Home > Uncategorized > First New Orleans, Now Puerto Rico: The “Vulture Capitalists” Use a Disaster as an Opportunity

First New Orleans, Now Puerto Rico: The “Vulture Capitalists” Use a Disaster as an Opportunity

November 11, 2017

For the past decade “reform” advocates have used the New Orleans Public Schools as the poster child for privatization, claiming that their takeover of schools in that city following its battering by Hurricane Katrina in 2005 is evidence that privatized charter schools can outperform traditional public schools. No matter that the data is muddled on their assertion, they’ve repeated the information frequently enough that many in the public believe it is true.

Now comes Hurricane Maria. which has laid waste to Puerto Rico and made many of its schools unusable. And as Steven Singer reports in Common Dreams, the Trump administration, like the Bush administration before him, is viewing this crisis as an opportunity… an opportunity to allow privatizers to seize control of the public schools, throw the relatively high paid union teachers out, and rake in the profits. And the Education Secretary in that US Territory is on board!

“This is a real opportunity to press the reset button,” said Puerto Rican Secretary of Education Julia Keleher.

“…this [is a] transformational opportunity for us to start to think fundamentally differently about what it is to be in school, and how one goes about getting an education.”

And Mr. Singer translates what “press the reset button” means:

A dozen years ago in Louisiana, that meant stealing almost the entire New Orleans public school system in the aftermath of Katrina. About 90 percent of the city’s 126 schools were given to the Louisiana Recovery School District, which turned them all into charter schools.

In effect, Louisiana state officials elected by the white majority stole control from local school boards elected by the city’s black majority. More than 7,000 teachers most of whom were people of color and had been displaced by the hurricane found themselves replaced by mostly white teachers brought in from other parts of the country.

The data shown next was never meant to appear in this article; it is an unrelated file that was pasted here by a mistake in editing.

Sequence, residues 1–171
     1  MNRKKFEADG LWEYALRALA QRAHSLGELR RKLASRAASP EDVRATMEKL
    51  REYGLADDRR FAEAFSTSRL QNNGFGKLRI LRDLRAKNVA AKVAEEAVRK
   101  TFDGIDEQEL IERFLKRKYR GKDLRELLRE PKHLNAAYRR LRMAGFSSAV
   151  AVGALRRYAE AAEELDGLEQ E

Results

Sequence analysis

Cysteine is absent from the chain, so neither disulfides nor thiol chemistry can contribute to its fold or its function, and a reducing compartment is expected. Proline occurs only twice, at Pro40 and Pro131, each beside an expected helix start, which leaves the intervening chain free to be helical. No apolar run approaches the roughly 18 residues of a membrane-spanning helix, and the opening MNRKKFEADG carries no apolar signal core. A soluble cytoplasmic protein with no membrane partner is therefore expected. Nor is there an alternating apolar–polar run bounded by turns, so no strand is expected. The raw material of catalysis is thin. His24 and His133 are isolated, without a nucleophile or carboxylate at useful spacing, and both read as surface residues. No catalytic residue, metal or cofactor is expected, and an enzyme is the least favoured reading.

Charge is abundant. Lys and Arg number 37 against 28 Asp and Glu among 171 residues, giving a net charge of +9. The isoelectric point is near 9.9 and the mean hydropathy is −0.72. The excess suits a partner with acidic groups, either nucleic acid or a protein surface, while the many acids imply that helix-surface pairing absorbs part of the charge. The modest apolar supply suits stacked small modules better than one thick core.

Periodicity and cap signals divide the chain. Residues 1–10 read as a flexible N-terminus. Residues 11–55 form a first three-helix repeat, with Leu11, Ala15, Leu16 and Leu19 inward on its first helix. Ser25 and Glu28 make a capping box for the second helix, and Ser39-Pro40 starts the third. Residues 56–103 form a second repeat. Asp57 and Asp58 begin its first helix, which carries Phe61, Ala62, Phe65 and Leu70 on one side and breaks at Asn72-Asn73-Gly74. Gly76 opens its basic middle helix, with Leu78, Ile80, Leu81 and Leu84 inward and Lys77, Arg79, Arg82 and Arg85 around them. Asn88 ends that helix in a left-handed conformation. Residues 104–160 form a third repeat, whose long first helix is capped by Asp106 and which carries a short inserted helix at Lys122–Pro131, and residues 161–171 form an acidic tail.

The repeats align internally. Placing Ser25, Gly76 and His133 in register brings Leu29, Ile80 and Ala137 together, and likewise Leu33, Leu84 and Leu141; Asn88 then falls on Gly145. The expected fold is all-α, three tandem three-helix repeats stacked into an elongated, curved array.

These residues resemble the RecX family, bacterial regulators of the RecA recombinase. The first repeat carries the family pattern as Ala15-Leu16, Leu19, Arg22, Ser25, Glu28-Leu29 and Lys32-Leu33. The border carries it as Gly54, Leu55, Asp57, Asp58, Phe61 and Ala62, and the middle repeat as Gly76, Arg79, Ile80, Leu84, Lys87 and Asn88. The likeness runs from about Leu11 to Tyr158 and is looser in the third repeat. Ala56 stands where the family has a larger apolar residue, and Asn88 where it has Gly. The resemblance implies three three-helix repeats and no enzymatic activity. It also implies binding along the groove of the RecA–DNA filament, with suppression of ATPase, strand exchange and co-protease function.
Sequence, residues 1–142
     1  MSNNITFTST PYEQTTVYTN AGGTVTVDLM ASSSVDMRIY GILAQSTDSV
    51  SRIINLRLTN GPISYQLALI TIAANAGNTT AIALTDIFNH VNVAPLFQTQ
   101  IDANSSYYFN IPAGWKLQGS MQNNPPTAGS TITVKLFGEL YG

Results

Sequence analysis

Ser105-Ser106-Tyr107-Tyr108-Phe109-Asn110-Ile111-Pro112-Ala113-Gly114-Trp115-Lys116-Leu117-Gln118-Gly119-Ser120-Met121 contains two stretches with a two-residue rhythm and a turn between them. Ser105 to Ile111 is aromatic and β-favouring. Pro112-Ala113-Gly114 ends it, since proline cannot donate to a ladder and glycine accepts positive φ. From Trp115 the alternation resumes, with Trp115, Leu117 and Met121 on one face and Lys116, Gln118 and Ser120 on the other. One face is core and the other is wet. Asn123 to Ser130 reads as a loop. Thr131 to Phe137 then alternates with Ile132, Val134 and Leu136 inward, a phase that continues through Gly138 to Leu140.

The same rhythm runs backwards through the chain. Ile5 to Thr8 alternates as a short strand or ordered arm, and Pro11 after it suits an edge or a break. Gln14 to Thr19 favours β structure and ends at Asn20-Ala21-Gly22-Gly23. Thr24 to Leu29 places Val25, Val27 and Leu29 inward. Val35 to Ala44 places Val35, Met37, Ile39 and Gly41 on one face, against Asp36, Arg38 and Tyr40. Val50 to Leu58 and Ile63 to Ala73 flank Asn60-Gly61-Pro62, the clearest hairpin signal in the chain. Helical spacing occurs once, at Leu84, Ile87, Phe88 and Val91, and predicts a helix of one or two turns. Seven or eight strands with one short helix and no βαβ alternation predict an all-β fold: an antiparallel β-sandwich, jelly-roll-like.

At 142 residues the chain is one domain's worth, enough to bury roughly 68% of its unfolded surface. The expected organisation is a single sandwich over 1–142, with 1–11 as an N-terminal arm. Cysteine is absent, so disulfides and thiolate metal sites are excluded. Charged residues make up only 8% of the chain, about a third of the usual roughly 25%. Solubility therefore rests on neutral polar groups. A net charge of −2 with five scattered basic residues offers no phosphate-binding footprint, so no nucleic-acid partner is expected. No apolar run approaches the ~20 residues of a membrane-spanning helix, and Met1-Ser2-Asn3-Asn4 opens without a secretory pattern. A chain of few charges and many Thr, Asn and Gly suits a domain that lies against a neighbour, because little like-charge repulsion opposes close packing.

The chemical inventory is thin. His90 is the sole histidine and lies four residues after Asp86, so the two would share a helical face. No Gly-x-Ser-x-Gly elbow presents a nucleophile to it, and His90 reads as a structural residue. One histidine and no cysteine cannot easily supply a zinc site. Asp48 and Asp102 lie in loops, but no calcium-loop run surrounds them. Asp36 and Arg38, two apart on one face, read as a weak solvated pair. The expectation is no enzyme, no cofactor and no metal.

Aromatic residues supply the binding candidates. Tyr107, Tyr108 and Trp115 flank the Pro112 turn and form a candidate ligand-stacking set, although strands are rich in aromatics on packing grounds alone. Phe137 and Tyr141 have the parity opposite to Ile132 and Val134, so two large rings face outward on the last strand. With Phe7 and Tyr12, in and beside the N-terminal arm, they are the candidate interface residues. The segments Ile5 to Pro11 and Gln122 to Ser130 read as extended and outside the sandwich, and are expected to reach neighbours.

Now, more than 10 years later, the New Orleans experiment has been shown to be a failure. Scores on standardized tests have improved (kinda), but the curriculum has narrowed, teacher turnover has doubled, disadvantaged and special education students have even fewer resources while schools fight over high achieving children, students spend hours being bused to schools far from their homes, communities have been erased, and parents have less control over how their own tax dollars are spent.

That is what Keleher and others want to repeat in Puerto Rico – wrest control away from the public and give it to big business all wrapped up in a bow.

And what stands in the way of this kind of wholesale conversion? The teachers in Puerto Rico are the last best hope for staving off the vulture capitalists who want to seize on the suffering caused by the Hurricane. A small band of teachers peacefully protested the fact that the government has not opened schools that are structurally sound leaving them out of work and their students without the opportunity to attend school and with time on their hands. The result of the protest? 21 teachers were arrested and the schools remain shuttered.

Today less than half of the schools have reopened even though many other schools are now cleared of the hurricane victims who were sheltered there. The teachers in Puerto Rico and many on the mainland who witnessed the dissembling of New Orleans’ schools think they know why: the vulture capitalists are circling and the legislators are open to accepting their offer to run the schools.


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